The impression in the end is that the real problem is still here. The violence in Orissa is not simply the vestige of a past that India is trying to leave behind. The conflict concerns the present and above all the future of the country. It concerns a social reality in which so many, who for centuries were left to the margins, are beginning to raise their heads. And also those who, on the other hand, wanting to maintain the status quo, play the card of threatened identity. There is an important electoral event in view: barring a snap poll, in May 2009 there will be general elections in India. The BJP, the Hindu nationalist party which lost in 2004 to the alliance between the Congress Party and the Left, is looking for a reconquest. And -- as was demonstrated in the 2002 violence against Muslims in Gujarat -- exacerbating tensions between religious groups is most efficacious way to advance one's cause. "It is not an accident," says Fr. Jimmy Dhabby, director of the Indian Social Institute in New Delhi, "that this violence against Christians exploded a few weeks after the re-election of the leader of Gujarat, Narendra Modi, one of the exponents of the viewpoint of the BJP. And who had himself come to Orissa, a state in which in 2009 there will also be elections for the local government."

It is a game that -- notwithstanding the events of Christmas -- moves forward in Bhubaneshwar. We open the local edition of the daily Indian Express on a given day. And, like clockwork, we find the declarations of the leader of the RSS, K. S. Sudarshan, "The threats that surround the nation are diverse: the violence of the Maoists, the Islamic jihad, the conversions by Christian missionaries. We need to unite to respond. Do not expect that others will do this for you." The very inquiry promissed by the Government of Orissa to shed light on the eventso f Christmas, is proceeding using curious methods. "After months in which nothing further was known," denouces John Dayal, Secretary General of the All Indian Christian Council, on his blog -- the Judge in charge arrived without warning in Kandhamal district. He interrogated the sisters and the priests. Who were left with mouths agape finding themselves asked, "Have you converted anyone here?" As if the object of the investigation were the operations of the Christians, not the violence committed by Hindu fanatics. The other worrying chapter concerns compensation. "Uptil now no official figures have been given," continues Dayal. "In some newspapers, however, we read that schools, hostels and dispensaries can receive a contribution of 200,000 rupees (about 5 million dollars), but the churches and convents will be excluded. And if this occurs, it won't be surprising, but offensive. The principal object of the attacks were the churhces and convents themselves. To exclude them makes no sense."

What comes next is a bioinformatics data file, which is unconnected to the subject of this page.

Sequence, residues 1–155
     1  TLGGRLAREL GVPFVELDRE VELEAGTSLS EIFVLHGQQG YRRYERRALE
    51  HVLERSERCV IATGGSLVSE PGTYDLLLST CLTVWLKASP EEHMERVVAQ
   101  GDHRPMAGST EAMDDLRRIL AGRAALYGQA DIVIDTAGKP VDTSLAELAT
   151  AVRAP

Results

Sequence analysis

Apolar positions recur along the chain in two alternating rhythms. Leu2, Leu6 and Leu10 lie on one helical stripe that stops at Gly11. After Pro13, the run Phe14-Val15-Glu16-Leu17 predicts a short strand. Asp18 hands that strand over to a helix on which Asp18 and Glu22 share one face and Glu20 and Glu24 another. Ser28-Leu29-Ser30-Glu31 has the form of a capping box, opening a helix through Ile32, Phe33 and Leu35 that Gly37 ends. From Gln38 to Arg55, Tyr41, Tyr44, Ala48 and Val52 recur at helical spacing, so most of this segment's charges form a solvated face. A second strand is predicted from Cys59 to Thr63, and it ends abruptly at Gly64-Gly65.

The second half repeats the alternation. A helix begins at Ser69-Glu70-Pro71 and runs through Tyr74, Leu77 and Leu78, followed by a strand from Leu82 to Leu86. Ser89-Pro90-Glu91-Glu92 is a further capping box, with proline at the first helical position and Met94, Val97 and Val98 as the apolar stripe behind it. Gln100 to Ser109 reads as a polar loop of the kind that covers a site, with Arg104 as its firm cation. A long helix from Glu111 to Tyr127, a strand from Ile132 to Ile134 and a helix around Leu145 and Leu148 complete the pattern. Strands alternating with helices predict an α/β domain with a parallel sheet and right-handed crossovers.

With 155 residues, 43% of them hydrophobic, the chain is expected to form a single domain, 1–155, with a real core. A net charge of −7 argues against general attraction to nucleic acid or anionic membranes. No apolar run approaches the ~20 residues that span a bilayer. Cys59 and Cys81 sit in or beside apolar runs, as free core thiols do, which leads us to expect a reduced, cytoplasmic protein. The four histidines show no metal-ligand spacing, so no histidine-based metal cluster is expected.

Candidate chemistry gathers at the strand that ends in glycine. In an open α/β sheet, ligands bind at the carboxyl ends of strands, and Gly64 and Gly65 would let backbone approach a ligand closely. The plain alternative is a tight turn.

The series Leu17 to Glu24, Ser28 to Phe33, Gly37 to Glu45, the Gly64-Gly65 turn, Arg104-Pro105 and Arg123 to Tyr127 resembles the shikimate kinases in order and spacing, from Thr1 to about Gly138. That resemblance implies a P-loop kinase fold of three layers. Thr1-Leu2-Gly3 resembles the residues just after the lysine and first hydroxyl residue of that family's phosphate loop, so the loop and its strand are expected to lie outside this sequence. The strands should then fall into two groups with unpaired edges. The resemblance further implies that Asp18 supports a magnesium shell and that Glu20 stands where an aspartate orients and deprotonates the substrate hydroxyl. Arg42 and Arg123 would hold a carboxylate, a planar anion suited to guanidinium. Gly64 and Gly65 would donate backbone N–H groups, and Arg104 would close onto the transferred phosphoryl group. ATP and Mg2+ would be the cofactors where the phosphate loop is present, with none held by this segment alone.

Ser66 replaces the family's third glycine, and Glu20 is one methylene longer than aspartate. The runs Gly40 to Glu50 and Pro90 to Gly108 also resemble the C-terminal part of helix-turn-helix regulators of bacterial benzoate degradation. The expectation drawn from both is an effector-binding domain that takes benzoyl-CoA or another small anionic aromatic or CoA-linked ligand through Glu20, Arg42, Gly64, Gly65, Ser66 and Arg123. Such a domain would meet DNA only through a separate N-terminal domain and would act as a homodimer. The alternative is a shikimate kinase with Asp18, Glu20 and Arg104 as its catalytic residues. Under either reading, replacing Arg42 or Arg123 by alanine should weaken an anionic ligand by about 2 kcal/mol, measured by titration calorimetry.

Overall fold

This is the type of calm that one breathes today in Orissa. "Underneath the ashes broods an explosive situation," says Heman Naik, of the Orisssa Dalit Adivsai Action Net. "Periodically, the Hindu nationalists campaign to 'reconvert' Christian tribals. There is discrimination on the land. Are these not violations of the anti-conversion law? Why do they not enforce this?"

There remains, however, one question: persons killed, houses and churches burned, zones prohibited to Christians. Where is the difference with respect to Islamic fundamentalism which -- justifiably -- gets so much space in our newspapers? And why does no one in the West raise their voice about Orissa? At Easter, the protest of Christians in front of Parliament in New Delhi did not make it into our newspapers. The response of Archbishop Cheenath is bitter, "India today is a market that tempts everyone," he explains. "There are great economic interests, everyone wants good relations with us. It is a situation in which no one is interested in what happens to minorities." It is an inconvenient cry of pain, that which comes from the Christians of Orissa.

Adivasis and "Special Economic Zones."